Practicing at Waffle House


I like to practice communication and customer service skills when I go to Waffle House… or Subway… or most any place to eat.

What?  I practice when I’m the customer?

You bet!

Allow me to explain.  Perspective is so important in all we do.  We like being around those with a great, wide perspective.  And our own perspective can even be considered a skill that can be improved, broadened and sharpened.  Rapport is critical too in building honest, mutual trust.

You see, when you can see yourself through the eyes of others, you can use that to do your job better (and life too).  This is a bit vague, so let me give an example…

When I go to Waffle House I make a point to have an enjoyable visit, involve my waitress in the order without being a hassle. I give a genuine smile and speak pleasantly.

When they take my order, I order eggs.  They always ask, “How would you like your eggs cooked?”

Without being a pain, I sincerely say something like, “However you think they will be best.  Really.  Whatever you think will be good will be fine.”

If they resist, then I tell them, “How about then, however the cook likes them.” 

Some waitresses look puzzled. Some smile. Some even shake their head as they walk off.

But almost every time… Something Magical Happens.

First, I get great eggs.  Every time!  Second, the waitress will come back at least 75% of the time and not say “How is everything?” to everyone at the table.  She’ll come and look at me and say, “How are those eggs?” with a big smile.  Or, she’ll say, “The cook wants to know how you like your eggs.”  Again, with a big smile.

And I smile and tell her they are great (and they always are).  Now, perhaps you are more particular about how your eggs are cooked but I like a variety of foods and hey, let’s be honest here, it’s just eggs.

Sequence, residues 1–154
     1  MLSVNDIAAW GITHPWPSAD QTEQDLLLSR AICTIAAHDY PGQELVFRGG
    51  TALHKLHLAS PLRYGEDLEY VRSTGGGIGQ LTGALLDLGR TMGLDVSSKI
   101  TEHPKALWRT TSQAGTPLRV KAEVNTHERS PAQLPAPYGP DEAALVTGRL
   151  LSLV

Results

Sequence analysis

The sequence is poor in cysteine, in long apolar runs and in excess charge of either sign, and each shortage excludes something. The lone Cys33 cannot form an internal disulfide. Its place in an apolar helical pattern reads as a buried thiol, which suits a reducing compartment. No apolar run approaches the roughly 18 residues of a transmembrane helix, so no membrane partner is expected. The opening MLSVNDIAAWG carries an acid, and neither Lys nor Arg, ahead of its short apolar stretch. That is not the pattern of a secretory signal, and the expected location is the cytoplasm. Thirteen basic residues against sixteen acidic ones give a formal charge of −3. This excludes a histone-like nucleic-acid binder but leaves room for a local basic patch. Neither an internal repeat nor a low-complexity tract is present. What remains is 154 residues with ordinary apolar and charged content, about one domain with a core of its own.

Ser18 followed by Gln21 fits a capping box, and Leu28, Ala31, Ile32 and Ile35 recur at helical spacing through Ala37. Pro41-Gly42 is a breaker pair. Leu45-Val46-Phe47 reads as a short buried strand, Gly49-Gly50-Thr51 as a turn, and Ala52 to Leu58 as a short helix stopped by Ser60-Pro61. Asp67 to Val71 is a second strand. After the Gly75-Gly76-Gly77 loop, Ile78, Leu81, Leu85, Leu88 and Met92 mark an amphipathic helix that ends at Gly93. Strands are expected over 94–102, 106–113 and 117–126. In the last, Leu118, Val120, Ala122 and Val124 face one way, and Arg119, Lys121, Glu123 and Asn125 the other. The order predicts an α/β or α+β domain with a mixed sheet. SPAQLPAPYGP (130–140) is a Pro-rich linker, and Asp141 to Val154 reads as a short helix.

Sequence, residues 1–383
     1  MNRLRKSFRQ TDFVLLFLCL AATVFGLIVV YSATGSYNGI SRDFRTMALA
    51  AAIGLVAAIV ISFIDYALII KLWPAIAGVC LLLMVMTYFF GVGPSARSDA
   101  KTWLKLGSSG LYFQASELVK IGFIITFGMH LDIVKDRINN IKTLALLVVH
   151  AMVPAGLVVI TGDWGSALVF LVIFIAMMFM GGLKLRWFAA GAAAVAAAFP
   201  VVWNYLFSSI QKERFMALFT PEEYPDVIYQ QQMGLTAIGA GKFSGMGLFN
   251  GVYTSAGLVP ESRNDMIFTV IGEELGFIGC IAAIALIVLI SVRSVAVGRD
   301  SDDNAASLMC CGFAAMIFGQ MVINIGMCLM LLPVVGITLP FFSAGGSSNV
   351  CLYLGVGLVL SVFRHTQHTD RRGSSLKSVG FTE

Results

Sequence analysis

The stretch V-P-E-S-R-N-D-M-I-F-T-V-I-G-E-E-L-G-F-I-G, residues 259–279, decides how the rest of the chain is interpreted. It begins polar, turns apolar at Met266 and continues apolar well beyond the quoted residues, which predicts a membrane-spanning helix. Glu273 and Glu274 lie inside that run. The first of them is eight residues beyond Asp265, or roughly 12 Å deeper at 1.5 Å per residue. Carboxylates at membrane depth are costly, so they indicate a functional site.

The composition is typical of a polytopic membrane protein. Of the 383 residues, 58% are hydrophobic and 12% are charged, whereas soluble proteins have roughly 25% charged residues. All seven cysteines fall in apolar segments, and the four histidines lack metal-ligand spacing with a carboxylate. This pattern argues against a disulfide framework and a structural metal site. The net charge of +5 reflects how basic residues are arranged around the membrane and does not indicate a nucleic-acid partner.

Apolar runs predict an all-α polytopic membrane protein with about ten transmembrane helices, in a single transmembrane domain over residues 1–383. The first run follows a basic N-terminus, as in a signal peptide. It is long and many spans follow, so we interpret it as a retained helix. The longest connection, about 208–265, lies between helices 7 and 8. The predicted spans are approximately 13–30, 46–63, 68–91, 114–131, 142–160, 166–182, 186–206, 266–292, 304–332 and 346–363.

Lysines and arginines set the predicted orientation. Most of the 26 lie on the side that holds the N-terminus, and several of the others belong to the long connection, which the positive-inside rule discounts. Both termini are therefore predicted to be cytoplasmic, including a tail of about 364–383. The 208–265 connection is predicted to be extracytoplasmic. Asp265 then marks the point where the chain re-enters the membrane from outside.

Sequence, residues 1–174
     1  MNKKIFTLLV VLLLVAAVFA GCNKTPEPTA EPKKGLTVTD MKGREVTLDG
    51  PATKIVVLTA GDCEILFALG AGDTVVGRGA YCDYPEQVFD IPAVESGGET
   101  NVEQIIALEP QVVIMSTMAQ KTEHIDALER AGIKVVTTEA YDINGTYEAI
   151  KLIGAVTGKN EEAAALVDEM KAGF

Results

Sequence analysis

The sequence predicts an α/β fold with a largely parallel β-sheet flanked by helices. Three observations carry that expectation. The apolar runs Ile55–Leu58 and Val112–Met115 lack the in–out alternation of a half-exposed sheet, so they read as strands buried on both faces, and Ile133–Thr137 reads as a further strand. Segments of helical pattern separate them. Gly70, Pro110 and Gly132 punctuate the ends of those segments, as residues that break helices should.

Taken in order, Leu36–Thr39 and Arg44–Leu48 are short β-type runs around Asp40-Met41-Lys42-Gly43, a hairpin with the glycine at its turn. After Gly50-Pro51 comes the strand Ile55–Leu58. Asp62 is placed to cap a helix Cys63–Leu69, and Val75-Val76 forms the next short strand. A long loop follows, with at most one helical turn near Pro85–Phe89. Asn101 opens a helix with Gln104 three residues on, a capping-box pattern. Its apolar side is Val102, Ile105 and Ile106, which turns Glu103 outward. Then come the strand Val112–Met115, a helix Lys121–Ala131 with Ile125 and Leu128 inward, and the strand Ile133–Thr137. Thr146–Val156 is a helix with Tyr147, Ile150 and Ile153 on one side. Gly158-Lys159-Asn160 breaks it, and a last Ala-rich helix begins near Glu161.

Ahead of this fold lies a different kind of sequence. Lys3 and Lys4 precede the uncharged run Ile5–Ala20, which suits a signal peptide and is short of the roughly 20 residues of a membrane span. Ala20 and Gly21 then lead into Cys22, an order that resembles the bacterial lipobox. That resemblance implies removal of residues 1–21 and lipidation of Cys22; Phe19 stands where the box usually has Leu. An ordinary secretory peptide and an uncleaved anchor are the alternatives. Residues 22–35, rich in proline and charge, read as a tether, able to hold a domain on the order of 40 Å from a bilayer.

So what is my take away from this exercise?

* I get the best customer service in the place because I sincerely engaged the waitress in the process.

* By involving the waitress, it meant I treated her as a trusted adviser and that trust built a relationship and rapport, even if it was only about an egg.

* This process meant I helped create an environment where the waitress and I saw each other as peers.  Neither was subservient to the other.  This is key to almost all successful sales and customer service experiences.  Shoot, it is key to good relationships all around!

* I get practice (that is still sincere) in quickly building honest rapport with a stranger.

* It makes the meal fun.

At Subway, I let them pick the bread (I don’t know which bread is the freshest) and the cheese (they know what goes best with which sandwich).

At more upscale restaurants, I often narrow my choice to two entrees that I would be happy with, then ask the waiter or waitress to not tell me which but pick the one they think is best and just bring that one.

I always get great food and even learn something new about the menu.  The waiter will often come back later to discuss how they chose, why and what other items are really the best on the menu.  Now they are my trusted adviser and will tell the truth about things they never would tell me if I just said, “Is this dish good?”

So, back to business… When I meet with a potential client, I ask things of them as well.  Particularly things that they may be an expert on, even if that is just an expert on their own likes, goals, plans or concerns.   And the more I know about them, the better I can be of service.

With rapport, a peer-to-peer relationship and honest interest, we create a better, more productive (and more enjoyable) environment than “selling” ever does.



About the Author

Glenn S. Phillips works with leaders who want to leverage technology and understand risks within. An author and blogger, Glenn is often quoted in national media, plays a really ugly tuba (it even has a bullet hole) and is a fan of dark chocolate and great puns.